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FSL in Review


Administration and Research

Forecast Research



Systems Development





Acronyms and Terms

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Wilfred von Dauster

1999-2000 FSL In

Message from the Director

A. E. "Sandy" MacDonald, Director

This website details the activities of the Forecast Systems Laboratory during the last year, and discusses our plans for the future. In this introduction, I would like to highlight a few exciting new developments within the laboratory.

A very important accomplishment of the year was the installation of a Massively Parallel Processor (MPP). This system, which was built by HPTi Corporation and named Jet, was installed in December, and announced in a press conference on 26 April 2000. The computer, as installed initially, consists of 270 fast processors based on Compaq's Alpha architecture. When fully configured, in about two years, it will consist of over 1,500 processors with a peak speed of over 5 trillion arithmetic calculations per second. It brings FSL into the ranks of NOAA supercomputing, and will allow rapid advances in a number of areas. These include the development of very high-resolution mesoscale models. FSL is a participant, along with a number of organizations (including the NWS National Centers for Environmental Prediction and the National Center for Atmospheric Research) in the development of the Weather Research and Forecast (WRF) model. This model will be fully nonhydrostatic, and is being designed to serve both the research and operational communities. Since it will be running at resolutions as small as a kilometer, the availability of the HPTi supercomputer will be crucial to FSL's role in the development and testing of WRF. A second very important use for Jet will be in testing future observing systems. The North American Atmospheric Observing System is a program to study the composite observing system of the future. By running observing system tests, the best mix of systems can be identified. Observing system simulations require extraordinary amounts of processing, since they are accomplished by running models repeatedly with different inputs. Finally, FSL will be participating, along with NASA, NOAA NCEP, and NOAA NESDIS, in an effort to develop and improve techniques for better use of satellite data in numerical weather prediction. The MPP will allow rapid progress in these three important efforts.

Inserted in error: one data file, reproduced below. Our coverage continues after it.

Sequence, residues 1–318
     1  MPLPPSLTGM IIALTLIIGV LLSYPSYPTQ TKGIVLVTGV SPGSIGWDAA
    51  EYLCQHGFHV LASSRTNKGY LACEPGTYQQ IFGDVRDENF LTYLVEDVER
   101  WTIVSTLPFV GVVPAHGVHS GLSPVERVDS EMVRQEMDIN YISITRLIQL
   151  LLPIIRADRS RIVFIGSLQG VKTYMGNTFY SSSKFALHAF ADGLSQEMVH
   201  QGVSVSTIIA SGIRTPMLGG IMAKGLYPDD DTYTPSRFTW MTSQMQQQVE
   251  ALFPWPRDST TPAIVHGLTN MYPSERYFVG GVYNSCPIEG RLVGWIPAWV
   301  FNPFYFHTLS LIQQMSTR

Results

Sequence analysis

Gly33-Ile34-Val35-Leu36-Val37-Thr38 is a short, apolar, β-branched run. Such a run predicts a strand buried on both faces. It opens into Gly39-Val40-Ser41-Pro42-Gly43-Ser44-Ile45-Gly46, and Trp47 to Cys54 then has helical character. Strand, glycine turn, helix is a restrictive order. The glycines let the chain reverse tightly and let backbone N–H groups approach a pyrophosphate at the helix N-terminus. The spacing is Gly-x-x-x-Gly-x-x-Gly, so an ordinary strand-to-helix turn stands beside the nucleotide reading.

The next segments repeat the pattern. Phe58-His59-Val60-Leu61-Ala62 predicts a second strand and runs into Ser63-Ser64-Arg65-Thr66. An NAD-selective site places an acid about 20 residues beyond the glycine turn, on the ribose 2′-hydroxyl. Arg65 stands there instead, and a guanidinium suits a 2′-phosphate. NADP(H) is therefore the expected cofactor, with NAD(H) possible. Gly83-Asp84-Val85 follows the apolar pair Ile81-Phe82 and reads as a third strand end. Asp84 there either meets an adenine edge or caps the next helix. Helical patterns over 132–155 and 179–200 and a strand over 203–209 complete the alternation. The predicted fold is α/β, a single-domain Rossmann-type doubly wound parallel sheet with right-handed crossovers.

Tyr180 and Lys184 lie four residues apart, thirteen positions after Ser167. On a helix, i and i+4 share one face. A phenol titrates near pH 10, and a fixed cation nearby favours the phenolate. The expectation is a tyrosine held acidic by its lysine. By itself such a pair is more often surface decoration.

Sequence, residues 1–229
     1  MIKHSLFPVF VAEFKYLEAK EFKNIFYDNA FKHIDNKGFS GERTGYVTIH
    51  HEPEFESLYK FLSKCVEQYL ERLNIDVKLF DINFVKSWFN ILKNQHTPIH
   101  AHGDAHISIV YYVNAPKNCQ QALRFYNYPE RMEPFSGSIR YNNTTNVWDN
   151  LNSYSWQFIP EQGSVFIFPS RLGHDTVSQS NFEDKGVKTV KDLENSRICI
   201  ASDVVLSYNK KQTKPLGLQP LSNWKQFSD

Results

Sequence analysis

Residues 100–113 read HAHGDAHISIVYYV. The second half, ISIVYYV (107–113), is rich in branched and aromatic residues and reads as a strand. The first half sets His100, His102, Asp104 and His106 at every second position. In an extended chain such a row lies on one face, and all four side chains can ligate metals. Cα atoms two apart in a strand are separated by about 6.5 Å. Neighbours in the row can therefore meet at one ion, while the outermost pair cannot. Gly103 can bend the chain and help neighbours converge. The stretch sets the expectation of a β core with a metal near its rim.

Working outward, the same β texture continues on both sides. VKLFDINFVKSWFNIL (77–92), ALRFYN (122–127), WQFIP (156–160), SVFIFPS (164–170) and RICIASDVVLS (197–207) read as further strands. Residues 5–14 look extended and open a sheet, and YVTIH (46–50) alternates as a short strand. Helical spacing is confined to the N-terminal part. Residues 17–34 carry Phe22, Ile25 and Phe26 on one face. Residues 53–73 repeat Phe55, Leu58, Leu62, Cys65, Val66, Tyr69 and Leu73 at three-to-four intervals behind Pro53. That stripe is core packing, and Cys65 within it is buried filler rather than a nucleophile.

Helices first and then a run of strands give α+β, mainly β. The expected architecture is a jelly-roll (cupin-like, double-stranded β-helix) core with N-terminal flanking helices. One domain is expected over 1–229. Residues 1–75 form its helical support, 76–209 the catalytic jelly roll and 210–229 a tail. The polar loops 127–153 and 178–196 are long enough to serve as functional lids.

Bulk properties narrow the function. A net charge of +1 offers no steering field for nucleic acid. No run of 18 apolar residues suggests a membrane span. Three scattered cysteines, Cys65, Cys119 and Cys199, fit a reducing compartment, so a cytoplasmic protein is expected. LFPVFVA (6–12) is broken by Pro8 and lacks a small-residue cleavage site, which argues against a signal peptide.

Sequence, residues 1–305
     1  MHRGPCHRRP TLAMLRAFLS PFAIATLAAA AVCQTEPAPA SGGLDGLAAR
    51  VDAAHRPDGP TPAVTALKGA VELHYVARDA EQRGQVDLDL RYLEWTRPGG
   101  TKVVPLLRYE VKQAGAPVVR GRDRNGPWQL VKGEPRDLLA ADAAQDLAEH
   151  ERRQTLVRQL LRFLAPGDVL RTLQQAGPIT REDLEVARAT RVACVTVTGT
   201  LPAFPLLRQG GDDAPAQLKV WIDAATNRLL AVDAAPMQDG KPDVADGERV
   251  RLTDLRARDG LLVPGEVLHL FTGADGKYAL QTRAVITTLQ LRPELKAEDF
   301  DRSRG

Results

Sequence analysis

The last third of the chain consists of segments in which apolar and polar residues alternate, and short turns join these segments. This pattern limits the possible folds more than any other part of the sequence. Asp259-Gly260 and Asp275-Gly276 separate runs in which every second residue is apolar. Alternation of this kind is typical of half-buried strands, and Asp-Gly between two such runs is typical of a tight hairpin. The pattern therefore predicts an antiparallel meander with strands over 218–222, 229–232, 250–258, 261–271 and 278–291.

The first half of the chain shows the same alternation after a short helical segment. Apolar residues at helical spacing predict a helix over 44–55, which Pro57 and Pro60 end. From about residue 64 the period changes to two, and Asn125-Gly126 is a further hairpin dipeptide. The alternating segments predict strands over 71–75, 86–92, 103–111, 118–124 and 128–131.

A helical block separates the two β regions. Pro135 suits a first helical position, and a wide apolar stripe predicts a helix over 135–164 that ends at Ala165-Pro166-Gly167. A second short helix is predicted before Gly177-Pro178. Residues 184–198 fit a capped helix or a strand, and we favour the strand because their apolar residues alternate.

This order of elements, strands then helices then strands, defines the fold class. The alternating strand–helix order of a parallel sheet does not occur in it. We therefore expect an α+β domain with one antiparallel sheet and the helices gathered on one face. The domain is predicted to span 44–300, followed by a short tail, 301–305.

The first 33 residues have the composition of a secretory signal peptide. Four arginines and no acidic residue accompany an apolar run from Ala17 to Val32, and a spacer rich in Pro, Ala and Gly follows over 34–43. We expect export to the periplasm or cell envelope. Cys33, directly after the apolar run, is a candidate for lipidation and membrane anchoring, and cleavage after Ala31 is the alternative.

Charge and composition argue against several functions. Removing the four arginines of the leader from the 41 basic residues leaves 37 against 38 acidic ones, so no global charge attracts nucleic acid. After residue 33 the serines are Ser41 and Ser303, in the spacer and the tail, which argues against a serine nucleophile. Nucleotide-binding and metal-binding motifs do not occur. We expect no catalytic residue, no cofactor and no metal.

FSL has continued an important role with the AWIPS system of the National Weather Service (NWS). FSL developers have improved AWIPS significantly in the software for "build 5," which will be installed nationally during the coming year. Similarly, FSL has played a major role in the expansion of the GLOBE program to more countries and more schools. FSL's FX-Net and World Wide Web Workstation are examples of new systems being developed. In its efforts to develop paths for NWS to keep AWIPS current in technology, FSL has been investigating the use of the Linux operating system, high speed networks, and PC technology.

Finally, FSL has made significant progress in observing technology. During the last year, a small network of profilers in Alaska were brought to operations and turned over to NWS. Our demonstration network in the central United States reached new highs in reliability and usage. FSL investigated new techniques for recovery of water vapor using GPS, and made significant progress in the design of observing systems from balloon and automated aircraft.

In summary, we believe that you will find this review both interesting and surprising. Our job is to anticipate the science and technology that will be needed in the nation's operational services in the next 5 to 10 years. More than ever, the rapid pace of technological change requires that this type of effort be made. FSL's record at anticipating change is excellent, so this review can be seen as a look into the future of operational weather prediction.

FSL Staff